Heart Reflections Live
Tuesday, October 23, 2007
The Deceptions of a Manufactured Generation
Once upon a time...There was no such thing as a...."Teenager". Teenager? No such thing? Yep, there was no such thing as a teenager. Those between 12 and 21 were classified as young ladies or Young men, collectively as youth. Hence the beginning of such organizations as "The Young Mens' Christian Association" (YMCA) and "The Young Women's Christian Association" (YWCA).
The word teenager was manufactured in the 1950's- a product of commercialism that spawned not only a new generation, but a generation gap as well.
David Cloud said in his article on MYSPACE:Rock and roll created the “teen culture” in the 1950s. Prior to that, while young people had some different interests than adults and while there has always been some rebellion toward the older generation and a desire to “do my own thing,” which comes from our fallen nature, there was not such a wide gulf between youth and adults. Prior to the rock & roll explosion, young people often liked the same movie stars as their parents and wore the same dress styles and even liked the same music. Top hits of the 1940s and early 1950s before the onslaught of rock were “The Ballad of Davy Crockett,” ‘The Good Ship Lollypop,” “This Land Is Your Land,” “Catch a Falling Star,” “The Chattanooga Shoe Shine Boy,” “I Saw Mama Kissing Santa Claus,” “Love Is a Many-Splendored Thing,” “Mr. Sandman,” “Sixteen Tons,” “Sentimental Me,” “The Doggie in the Window,” “The Typewriter,” “This Ole House,” “Vaya Con Dios (May God Be With You),” and “High Noon.” The vast majority of hits was morally innocent and was loved by young and old alike. In contrast, by the late 1950s and 1960s the top hits were “I Can’t Get No Satisfaction,” “The Twist,” “A Big Hunk of Love,” “Louie Louie,” “Purple Haze,” “Sympathy for the Devil,” “House of the Rising Sun,” “Good Lovin,” “Whole Lotta Love,” “Honky Tonk Woman,” “Wild Thing,” “Devil with a Blue Dress,” “Revolution,” and “Gimme Some Loving.”
The rock & roll phenomenon created an entirely separate youth culture with its very own clothes, music, movies, and attitude. Youth became a style. Young people began to be more influenced by disc jockeys and rock musicians and fashion designers than by their parents and teachers. For multitudes of young people, what’s cool became the be-all and end-all of their lives. Their innate selfishness and rebellion to authority was encouraged and enflamed by the youth culture. " Read his entire article if you wish www.wayoflife.org/fbns/myspace-or-gods.html
So that gives you a bit of a picture of how it all began and it's expanded since then with the marketeers trying to create another group- "The Tweenagers" or Tweenies- children practicing for teenagerhood, reading their Barbie magazines as a prelude to "Dolly", developing anorexia and nagging their parents for the latest fashions that imitate their favourite "Bratz" dolls. (Sorry folks but Bratz dolls still look like hookers in my book).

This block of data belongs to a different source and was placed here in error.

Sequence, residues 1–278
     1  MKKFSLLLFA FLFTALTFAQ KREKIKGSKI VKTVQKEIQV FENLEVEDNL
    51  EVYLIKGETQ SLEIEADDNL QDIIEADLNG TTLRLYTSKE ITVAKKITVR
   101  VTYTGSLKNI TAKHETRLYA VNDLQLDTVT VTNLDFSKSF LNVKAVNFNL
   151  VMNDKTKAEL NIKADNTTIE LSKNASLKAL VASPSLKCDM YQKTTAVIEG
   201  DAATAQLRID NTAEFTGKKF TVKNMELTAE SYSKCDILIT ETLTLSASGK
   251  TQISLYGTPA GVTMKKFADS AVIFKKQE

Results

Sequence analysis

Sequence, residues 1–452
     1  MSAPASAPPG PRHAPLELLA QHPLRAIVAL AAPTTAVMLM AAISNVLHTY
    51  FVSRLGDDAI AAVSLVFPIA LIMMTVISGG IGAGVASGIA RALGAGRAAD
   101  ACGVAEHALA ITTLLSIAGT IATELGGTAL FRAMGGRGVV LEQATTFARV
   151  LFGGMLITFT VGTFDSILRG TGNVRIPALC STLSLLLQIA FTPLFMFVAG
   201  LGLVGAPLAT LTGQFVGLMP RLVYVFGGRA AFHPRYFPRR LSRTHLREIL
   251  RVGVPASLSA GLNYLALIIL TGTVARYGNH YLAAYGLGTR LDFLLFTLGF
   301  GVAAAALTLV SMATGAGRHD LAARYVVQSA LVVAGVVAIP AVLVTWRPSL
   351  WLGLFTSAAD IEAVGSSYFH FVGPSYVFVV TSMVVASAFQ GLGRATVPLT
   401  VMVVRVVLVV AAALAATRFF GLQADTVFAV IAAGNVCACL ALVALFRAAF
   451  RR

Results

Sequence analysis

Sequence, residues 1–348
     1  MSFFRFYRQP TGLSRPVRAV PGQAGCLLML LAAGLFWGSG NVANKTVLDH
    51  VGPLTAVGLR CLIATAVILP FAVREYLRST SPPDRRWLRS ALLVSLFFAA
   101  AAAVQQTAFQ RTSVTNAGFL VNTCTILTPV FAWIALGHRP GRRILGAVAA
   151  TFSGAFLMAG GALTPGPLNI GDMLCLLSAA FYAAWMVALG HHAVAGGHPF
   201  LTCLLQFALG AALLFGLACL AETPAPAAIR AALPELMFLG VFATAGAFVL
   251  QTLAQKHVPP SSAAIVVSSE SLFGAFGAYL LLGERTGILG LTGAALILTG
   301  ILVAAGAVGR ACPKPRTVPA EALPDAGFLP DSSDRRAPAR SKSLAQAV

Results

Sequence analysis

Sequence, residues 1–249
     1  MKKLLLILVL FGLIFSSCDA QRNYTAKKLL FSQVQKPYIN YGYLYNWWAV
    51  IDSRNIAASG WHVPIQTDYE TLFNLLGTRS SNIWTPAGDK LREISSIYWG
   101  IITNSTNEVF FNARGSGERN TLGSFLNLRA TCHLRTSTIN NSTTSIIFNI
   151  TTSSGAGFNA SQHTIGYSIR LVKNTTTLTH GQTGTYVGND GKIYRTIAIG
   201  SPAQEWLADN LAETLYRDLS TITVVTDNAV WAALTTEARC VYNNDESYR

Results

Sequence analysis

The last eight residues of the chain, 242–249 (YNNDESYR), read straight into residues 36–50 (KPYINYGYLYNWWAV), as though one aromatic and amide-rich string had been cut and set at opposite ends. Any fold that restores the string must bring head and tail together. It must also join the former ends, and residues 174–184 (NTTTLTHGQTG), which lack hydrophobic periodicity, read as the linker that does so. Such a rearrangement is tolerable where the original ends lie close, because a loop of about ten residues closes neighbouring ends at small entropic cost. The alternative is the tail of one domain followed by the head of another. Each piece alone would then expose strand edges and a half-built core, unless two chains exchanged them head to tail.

So...what was it like for those 12 to 21 before the teenager was invented? In many cultures- especially the Judeo-Christian culture- the age of 12 has always signified a transition into adulthood, it's an age of greater accountability for sin. Note how the Jews celebrate the Bar Mitsvah for boys and the Bat Mitsvah for girls. Jesus was 12 when he knew that he must be about his Father's business.
Some Christian denominations have confirmation around this age or soon after, or have conversation with those young one's who have grown up in the church in preparation to take the Lord's Supper. I experienced conviction of sin for the first time around this age and came to know Jesus as my personal saviour.
In our family read-a-loud time, we recently came across this passage from "Anne of Green Gables":
It's such a solemn thing to be almost 14, Marilla. Miss Stacy took all us girls who are in our teens down to the brook last Wednesday, and talked to us about it. She said we couldn't be too careful what habits we formed and what ideals we aquired in our teens, because by the time we were 20 our characters would be developed and the foundation laid for our whole future life. And she said that if the foundation was shaky we could never build anything really worthwhile on it. Diana and I talked the matter over coming home from school. We felt extremely solemn, Marilla. And we discovered that we would try to be very careful indeed and form respectable habits and learn all we could and be as sensible as possible, so that by the time we were 20 our characters would be properly developed.
I believe the book, "Stepping Heavenward"has some of the same principles. We have a copy of "Beautiful Girlhood" by Mabel Hale which I plan to read with our girls around the early teen years.
If you examine the cultural goings on prior to the 1950's, you'll find that much of the music, movies and literature of the time was consistant with Phillipians 4:8, whether the content was Christian or not. Look at the innoncence of the themes of many of the old Shirley Temple films:some of them were taken from the wholesome classics of the time-Heidi, A Little Princess, Rebecca of Sunnybrook Farm... In her famous song "When I Grow Up", she aspired towards marriage and then Grandmotherhood. Her character wanted to be a wife and Mum- not Paris Hilton!- what unrealistic role models children have today...
In other films of the time, charcters courted with a view to marriage, they didn't serial date- how times have changed:( Oh for the days when the "Hayes Code" kept movies decent!
Our little ones are nowhere near the teen years yet, and I still have much to learn as a parent, but I believe that avoiding a lot of modern youth culture and pop-culture in general, enjoying healthy multigenerational relationships, as opposed to peer-orientated ones can, with the Grace of God, help bridge the gap between 12 and 21 with a truly noble path to adulthood.